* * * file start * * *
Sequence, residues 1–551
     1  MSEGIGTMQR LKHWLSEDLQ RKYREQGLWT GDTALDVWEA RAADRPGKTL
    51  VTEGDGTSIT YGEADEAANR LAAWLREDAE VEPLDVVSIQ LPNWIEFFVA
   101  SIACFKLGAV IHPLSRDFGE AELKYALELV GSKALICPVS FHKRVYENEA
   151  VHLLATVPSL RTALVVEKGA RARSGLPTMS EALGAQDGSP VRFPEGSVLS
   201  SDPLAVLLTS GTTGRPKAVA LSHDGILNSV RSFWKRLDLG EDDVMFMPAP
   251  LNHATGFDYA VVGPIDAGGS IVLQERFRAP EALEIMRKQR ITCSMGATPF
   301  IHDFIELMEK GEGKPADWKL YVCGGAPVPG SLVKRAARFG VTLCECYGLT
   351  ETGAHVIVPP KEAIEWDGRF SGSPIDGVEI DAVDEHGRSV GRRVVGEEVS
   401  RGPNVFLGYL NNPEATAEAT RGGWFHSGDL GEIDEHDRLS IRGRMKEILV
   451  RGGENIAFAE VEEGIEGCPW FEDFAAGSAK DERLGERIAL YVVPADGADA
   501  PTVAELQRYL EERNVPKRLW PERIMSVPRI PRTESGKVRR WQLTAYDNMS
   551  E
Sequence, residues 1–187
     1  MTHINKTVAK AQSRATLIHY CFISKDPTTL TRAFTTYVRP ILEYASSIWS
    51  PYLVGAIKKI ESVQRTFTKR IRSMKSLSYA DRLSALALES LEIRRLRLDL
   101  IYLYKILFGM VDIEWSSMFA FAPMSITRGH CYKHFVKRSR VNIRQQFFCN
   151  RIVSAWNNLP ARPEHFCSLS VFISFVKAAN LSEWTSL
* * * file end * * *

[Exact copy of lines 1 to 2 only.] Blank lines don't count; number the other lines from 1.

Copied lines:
Sequence, residues 1–551
     1  MSEGIGTMQR LKHWLSEDLQ RKYREQGLWT GDTALDVWEA RAADRPGKTL